Arts

CNY Playhouse’s ‘It’s Only a Play’ portrays comical backstage cattiness

Four cast members from It's Only a Play do a scene, monologuing around a small table.
Show-biz snark: From left, Heather Jensen, Abel Searor, Isaac Betters, and Donnie Williams in Central New York Playhouse’s 'It’s Only a Play.' (Provided by Amelia Beamish)

There’s plenty of comedy to chew on with It’s Only a Play from playwright Terrence McNally, who arguably ranks among our top 10 living dramatists — although he has not previously been known as a gagsmith. His best-known works, like Master Class and Frankie & Johnny in the Claire de Lune, are graced with sparkling wit but not in nearly every speech.

McNally labored on It’s Only a Play through four rewrites over 36 years before it became a smash with Nathan Lane and Matthew Broderick in 2014. It takes practice to hit the bull’s eye, as it does here in this Central New York Playhouse production, running through Saturday, Aug. 18.

McNally’s premise may sound familiar but his execution is not. It’s opening night for a Broadway comedy, ominously titled The Golden Egg. In the luxurious apartment of naïve first-time producer Julia Budder (Heather Jensen, in top form), people linked to the show plus hangers-on are anxiously awaiting the first reviews. We begin with James Wicker (Donnie Williams), a comic actor and “best friend” of the playwright who passed on the chance to play the lead. He’s now safely berthed in a secure TV show and can say what he wants.

This was the Nathan Lane role in the smash revival, and in the opening dialogue with Gus (Isaac Betters), Williams’ Wicker lets ’em fly. Not only is the humor bitchy but it’s aimed at other characters in the play we’re seeing (for handy, rapid exposition) as well as show-biz glitterati. Time has aided McNally’s efforts. In today’s environment we all know more celebrity names, and they’re generally more laughable than they used to be. Williams, additionally, does a wicked Harvey Fierstein imitation.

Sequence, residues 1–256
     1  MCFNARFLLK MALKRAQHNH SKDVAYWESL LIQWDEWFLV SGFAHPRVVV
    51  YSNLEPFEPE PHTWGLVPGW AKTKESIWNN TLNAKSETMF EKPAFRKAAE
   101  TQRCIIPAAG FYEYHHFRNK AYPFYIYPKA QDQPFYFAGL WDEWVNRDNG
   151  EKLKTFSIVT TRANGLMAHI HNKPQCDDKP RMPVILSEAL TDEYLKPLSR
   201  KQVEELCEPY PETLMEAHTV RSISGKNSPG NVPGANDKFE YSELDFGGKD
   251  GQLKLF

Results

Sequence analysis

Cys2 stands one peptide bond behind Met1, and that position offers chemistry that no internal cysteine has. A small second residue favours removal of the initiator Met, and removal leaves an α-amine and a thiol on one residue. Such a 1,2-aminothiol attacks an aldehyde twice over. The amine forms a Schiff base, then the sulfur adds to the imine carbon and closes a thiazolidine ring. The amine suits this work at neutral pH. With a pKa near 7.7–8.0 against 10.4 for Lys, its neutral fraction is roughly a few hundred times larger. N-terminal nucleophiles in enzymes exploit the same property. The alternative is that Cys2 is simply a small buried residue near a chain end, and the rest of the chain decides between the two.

Making the grandest of entrances with an ear-piercing shriek is Virginia Noyes (Anne Fitzgerald), an over-the-hill star recently in Hollywood and hoping to remake her name on Broadway. Clasped with a red ankle monitor, she’s already lit from booze before she decides to take a line of coke, which brings the desired high spirits.

Nearly equaling her entrance is the golden-suited British director Frank Finger (Daryl Acevedo in a consistent Mayfair accent). His egotism appears to be supported by his reputation for having only hit after hit in London. Flopdom is not in his vocabulary.

Bringing up the rear is whiny, insecure theater critic Ira Drew (Roy van Norstand), who writes for some other rag than the New York Times and thus knows his opinion can be shrugged off. 

While some of these characterizations may echo personalities once present in Syracuse community theater, it feels safe to assume that all are recognizable types, and not based on certain persons. All except late-arriving playwright Peter Austen (Abel Searor), the Matthew Broderick character in the Broadway revival. His parents live in Corpus Christi, Texas, playwright McNally’s hometown. Fittingly, he delivers plenty of zingers but philosophizes on the long view.

It’s Only a Play is a step forward for longtime actor and choreographer Stephfond Brunson, who drives a furious pace for two hours. Some of his most successful casting defies convention, such as costumer Donnie Williams, who shines in his first big role, and music director Abel Searor as the nuanced autobiographical character.

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